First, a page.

But other chains have been quicker to see the opportunity in the Sun Belt. Greider named chicken chain Raising Cane’s, Chipotle Mexican Grill and Starbucks as three companies that have been focused on growing their footprints in the Sun Belt even before the pandemic.

In addition to well-known chains, Greider has also seen restaurants with chef-driven name recognition traveling south from New York and Chicago.

“In the back half of [the pandemic] and post Covid, we saw a number of full-service and chef-driven restaurant groups that have really pushed hard into the Sun Belt, because they’ve seen that’s not just where there’s great opportunities for growth, but where their existing customers have been relocated,” Greider said.

For example, New York City’s celebrity hotspot Carbone, owned by Major Food Group, opened a location in Miami in 2021 and another in Dallas in 2022.

Chains see opportunity in warm weather

For regional chains looking to expand nationwide, the Sun Belt also presents an opportunity to grow their footprint with customers who already know the brand.

For example, 89-year-old chain Friendly’s has largely stuck to the Northeast since its founding in Massachusetts in 1935. Under a new owner, the chain is finally looking to expand beyond the Mississippi River. 

Brix Holdings acquired Friendly’s in 2021, several months after the company filed for Chapter 11 bankruptcy protection. At the time, Friendly’s had more than 100 locations, down significantly from its footprint of 850 restaurants in its heyday.

The chain’s sales are growing again, according to Brix Holdings CEO Sherif Mityas, making it an opportune time to expand Friendly’s footprint.

“More strategically, from a growth perspective, we want to start moving west,” Mityas said.

Many of Friendly’s customers grew up with the brand in the Northeast before moving down to the Sun Belt. Plus, the chain is best known for its ice cream, making warmer climates a better business environment than the Midwest.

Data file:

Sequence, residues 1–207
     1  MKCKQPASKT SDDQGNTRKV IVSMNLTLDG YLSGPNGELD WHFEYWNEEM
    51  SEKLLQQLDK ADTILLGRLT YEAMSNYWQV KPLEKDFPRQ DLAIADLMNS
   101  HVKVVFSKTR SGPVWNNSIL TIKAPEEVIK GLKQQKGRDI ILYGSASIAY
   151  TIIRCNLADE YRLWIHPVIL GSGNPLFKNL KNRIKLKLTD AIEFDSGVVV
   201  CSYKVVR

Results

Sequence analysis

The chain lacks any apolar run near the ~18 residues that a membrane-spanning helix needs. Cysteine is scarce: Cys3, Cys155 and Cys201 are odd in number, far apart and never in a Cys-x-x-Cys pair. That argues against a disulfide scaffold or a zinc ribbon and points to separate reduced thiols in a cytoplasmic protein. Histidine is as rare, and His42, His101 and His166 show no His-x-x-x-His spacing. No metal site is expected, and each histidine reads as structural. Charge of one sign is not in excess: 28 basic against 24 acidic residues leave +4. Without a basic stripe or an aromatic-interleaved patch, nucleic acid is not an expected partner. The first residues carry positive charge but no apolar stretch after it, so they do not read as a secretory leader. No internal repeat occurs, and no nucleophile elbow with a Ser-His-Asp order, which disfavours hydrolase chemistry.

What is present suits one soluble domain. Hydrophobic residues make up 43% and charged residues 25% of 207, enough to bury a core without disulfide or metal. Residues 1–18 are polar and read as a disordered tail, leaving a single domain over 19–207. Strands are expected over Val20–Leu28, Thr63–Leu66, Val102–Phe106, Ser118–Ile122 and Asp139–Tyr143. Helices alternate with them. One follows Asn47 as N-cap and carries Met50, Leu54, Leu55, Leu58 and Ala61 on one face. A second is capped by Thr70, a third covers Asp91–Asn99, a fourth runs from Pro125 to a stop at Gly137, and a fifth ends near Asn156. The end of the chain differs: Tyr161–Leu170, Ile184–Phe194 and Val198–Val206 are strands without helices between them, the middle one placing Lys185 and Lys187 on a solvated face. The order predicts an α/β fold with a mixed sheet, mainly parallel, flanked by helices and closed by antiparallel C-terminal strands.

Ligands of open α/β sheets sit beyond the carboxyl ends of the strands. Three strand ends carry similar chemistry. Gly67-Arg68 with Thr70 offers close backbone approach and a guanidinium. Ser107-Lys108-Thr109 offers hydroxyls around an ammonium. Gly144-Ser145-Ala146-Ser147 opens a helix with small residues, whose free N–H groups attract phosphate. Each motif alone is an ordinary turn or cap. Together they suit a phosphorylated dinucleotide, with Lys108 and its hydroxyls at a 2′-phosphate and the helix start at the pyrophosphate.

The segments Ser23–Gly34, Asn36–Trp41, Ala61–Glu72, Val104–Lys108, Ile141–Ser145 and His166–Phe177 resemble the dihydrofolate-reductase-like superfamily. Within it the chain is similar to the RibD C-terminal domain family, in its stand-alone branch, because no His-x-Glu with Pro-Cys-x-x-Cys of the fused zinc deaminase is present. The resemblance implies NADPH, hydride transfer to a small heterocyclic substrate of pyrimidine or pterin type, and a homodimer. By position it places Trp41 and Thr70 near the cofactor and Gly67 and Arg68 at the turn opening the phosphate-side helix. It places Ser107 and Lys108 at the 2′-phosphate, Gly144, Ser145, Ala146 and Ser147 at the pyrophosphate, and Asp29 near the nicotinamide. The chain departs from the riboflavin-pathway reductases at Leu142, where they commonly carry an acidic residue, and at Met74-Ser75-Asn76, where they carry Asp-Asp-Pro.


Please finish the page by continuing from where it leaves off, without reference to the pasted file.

Warmer weather is also one reason why coffee chain Dutch Bros. is betting on the Sun Belt.

“More than 80% of our business is cold [drinks], so we find that warmer markets do better — but that doesn’t mean we wouldn’t do well in Minneapolis or the Great Lakes region or the northeast, but we’re just staying out of those for now,” Dutch Bros. CEO Christine Barone told CNBC in a January interview.

The chain is planning to open 150 locations this year, most of which will be in Texas and Southern California. In the next 10 to 15 years, the company aims to operate at least 4,000 locations, with a footprint that looks like a smiley face across the U.S., starting in California, dipping down to Texas and back up to Virginia.

Better for business?

The region’s reputation as friendly to businesses has also played a role in its rise. Seven of the top 10 states in CNBC’s America’s Top States for Business in 2023 were in the Sun Belt.

Although there are some notable exceptions, such as California with its upcoming hike on fast-food wages, states such as Texas and Florida have touted their lower taxes and lax regulation to lure companies. For two consecutive years, Texas has been home to the most Fortune 500 companies, supplanting California and New York.

“In addition to the population growth dynamics, many states in the Sun Belt region have ‘friendlier’ business environments that are also appealing to restaurant operators,” said Kevin Schimpf, director of industry research at Technomic. “[That means] things like fewer restrictions on franchising, lower labor costs and less red tape on new commercial developments.”

That’s part of the appeal for Friendly’s, which wants franchisees to run the new locations.

“From an entrepreneur perspective, and a business perspective, the Sun Belt is really growing faster than the rest of the country,” Mityas said.